Jason Stamper talks to two of Check Point's founders about its latest platform launch, and what it is doing to keep the threats from the bad guys - and the competition - at bay.
What can one say about Check Point? The much-admired Israeli security firm has dominated the firewall market since it launched the first commercially available firewall, FireWall-1, way back in 1994. It has hardly missed a step since. Regarded the leader in both the firewall and virtual private network (VPN) spaces, there appear few chinks in its armour. But are cracks finally appearing?
Analysts say Cisco Systems and Juniper Networks in particular are offering far stiffer competition now, taking the stance that security starts with the network. On top of that, there are a host of smaller specialists in many of Check Point's market sectors. To top it all, some analysts have expressed dismay that Check Point's new licence sales are not showing the growth they had hoped for.
One of the most striking things about Check Point is its operating efficiency. When its founder, chairman and CEO, Gil Shwed, says that he has 'a preference for healthy companies', he is not joking. For its year ended 31 December 2004, it had a net profit margin of 48%. The closest net profit margins in the industry, from the likes of Adobe, Oracle and Microsoft, look paltry in comparison at 27%, 26,4% and 22,9% respectively, in their most recent financial years.
Gil Shwed, Check Point founder, chairman and CEO
It is not just the company's margins that look good. Its latest quarter saw sales of $137,7m, an increase of 19% year on year. Net income was $73,7m, up 76% on the first quarter of 2004. But despite these seemingly impressive results, some analysts have questioned the company's ability to drive new licence growth. Merrill Lynch analyst, Edward Maguire, said after the results that, "Check Point's 1Q05 results were mixed but nevertheless demonstrate overall resilience of the business. While licences lagged, subscriptions and cost efficiencies drove EPS upside. Despite a solid 2Q05 outlook, near term appreciation depends on improving licence traction."
To be precise, licence sales in the quarter were up 4%. Is that figure a cause for concern? CBR caught up with Check Point's founders last month: Gil Shwed, chairman and CEO, and Marius Nacht, vice-chairman and SVP. Before we asked them about their latest platform launch, we asked what they thought about the recent criticism of their 'lagging' licence growth. "We think we have a healthy business adding new customers," says Shwed.
Shwed - who founded the company in 1993 and with two co-founders wrote the first version of FireWall-1 - says that the company's licence sales growth looks artificially low, because the company moved to a subscriptions model. Instead of charging companies up-front licensing fees for software upgrades, they get the upgrades as part of their subscription. "I agree that it is important for any technology companies to find new customers. But we add two or three thousand new customers per quarter. So it is not that there are not new customers, but with 70 000 accounts there is also a huge emphasis on selling to existing customers," Shwed argues.
"I think also some analysts make the mistake of comparing us to a hardware company," he continues.
"With our subscriptions model customers get the latest version automatically. They do not throw away their old hardware and give us a whole new up-front payment when we come out with a new box, like a hardware company. And overall I think the subscriptions model is a good thing, because it means that financial analysts and investors can better predict the future."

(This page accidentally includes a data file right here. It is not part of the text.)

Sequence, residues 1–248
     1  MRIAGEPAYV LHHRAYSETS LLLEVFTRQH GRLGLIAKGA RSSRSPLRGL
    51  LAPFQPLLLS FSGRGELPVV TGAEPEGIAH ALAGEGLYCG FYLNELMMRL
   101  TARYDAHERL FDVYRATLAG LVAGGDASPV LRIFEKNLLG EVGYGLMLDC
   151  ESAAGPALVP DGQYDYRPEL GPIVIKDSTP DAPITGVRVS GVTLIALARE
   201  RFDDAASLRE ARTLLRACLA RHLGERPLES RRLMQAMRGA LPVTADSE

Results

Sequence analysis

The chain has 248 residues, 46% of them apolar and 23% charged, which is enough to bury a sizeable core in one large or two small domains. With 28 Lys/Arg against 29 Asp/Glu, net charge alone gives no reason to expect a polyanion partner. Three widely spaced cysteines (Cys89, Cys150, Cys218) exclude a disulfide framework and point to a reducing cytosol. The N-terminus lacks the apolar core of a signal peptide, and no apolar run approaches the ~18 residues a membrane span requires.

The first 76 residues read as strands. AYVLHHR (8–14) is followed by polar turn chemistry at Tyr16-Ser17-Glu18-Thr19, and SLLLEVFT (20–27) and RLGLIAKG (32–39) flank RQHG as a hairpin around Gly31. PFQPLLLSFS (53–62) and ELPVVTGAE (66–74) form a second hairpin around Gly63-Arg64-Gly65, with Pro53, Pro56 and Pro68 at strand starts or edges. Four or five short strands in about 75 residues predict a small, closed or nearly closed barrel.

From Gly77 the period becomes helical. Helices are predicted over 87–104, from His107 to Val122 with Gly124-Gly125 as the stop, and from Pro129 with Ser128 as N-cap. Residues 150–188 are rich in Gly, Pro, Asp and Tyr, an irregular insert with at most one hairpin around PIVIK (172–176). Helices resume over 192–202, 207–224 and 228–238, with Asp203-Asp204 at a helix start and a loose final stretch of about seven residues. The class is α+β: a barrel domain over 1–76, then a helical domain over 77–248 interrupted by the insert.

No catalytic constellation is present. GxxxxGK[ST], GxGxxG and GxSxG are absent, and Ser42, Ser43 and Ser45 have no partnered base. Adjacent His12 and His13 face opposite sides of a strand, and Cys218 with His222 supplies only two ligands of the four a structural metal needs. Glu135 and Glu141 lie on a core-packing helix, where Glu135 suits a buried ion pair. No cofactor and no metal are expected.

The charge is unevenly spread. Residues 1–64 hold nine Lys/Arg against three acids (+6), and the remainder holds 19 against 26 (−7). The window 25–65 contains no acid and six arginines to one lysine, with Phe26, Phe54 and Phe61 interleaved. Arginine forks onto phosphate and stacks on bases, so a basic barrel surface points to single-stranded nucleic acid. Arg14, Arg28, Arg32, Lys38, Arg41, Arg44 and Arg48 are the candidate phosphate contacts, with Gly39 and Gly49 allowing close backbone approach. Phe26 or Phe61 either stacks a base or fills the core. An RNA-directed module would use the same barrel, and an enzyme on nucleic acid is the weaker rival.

Nacht, too points to subscription revenue (up 33% year on year in its latest quarter) as confusing the picture of new licence growth: "I think this is a misunderstanding of services. If something breaks, we fix it. But we do this under the subscription model. It is not extra services revenue. I think we have nothing to apologise for that customers subscribe to our services."
Check Point is not sitting on its laurels, however. The company has just launched a new platform, NGX, which it says it hopes will spur additional licence sales as well as impress its existing subscriber base.
NGX is said to be a unified security platform for perimeter, internal and Web security. It is basically an upgrade to the core technology underlying its VPN, firewall and management software. But there are new features in there too: unified perimeter, internal and Web security management that enables administrators to centrally define and manage security policies from a single console; expanded inspection technologies that secure more network and application types; and advanced VPN capabilities such as dynamic routing, which allows enterprises to manage large and complex networks more efficiently with fewer resources, according to the company.
Check Point says NGX also ensures that enterprise security systems can be easily extended to adapt to new and evolving threats. "This is the biggest announcement in four years for Check Point," says Shwed. "We have improved the platform all over. The biggest thing though is the unified security architecture, which makes protection of internal, the perimeter and the Web more consistent."
Nacht explains how he believes NGX differs from what the competition is offering: "A lot of other companies are box companies. They sell you a box for firewall, VPN, IDS, IPS, QoS, routing -it goes on and on. Then you need two of everything for redundancy. Also you need separate management consoles and you have to manually figure out your policy for all of those. They do not get the security they paid for, and they do not get their ROI. NGX is a unified platform for perimeter, the Web, and PC end-points. You can provision, monitor, deploy and analyse from a single, consistent interface."
But it is not quite so straightforward, because Check Point not only partners with numerous hardware vendors - such as Nokia, IBM and HP, who put its software onto devices to turn them into security appliances - but it has also recently begun selling its own security appliances at the lower end of the spectrum. But Shwed is ambivalent about the idea of security appliances: "Some customers do want an appliance, yes," he says. "But some want to run on Windows, some want to run on Linux. There is not one platform that suits everybody. We have our own secure platform. It is a single CD that can turn any Intel server into an appliance. It saves you buying the OS. It means you can take the lowest cost and highest spec hardware. This product is actually the fastest growing share for us. For other customers who want the appliance pre-installed, there are our channel partners - Nokia, HP, IBM and others. Three or four years ago this appliance market was growing strongest for us, but not now."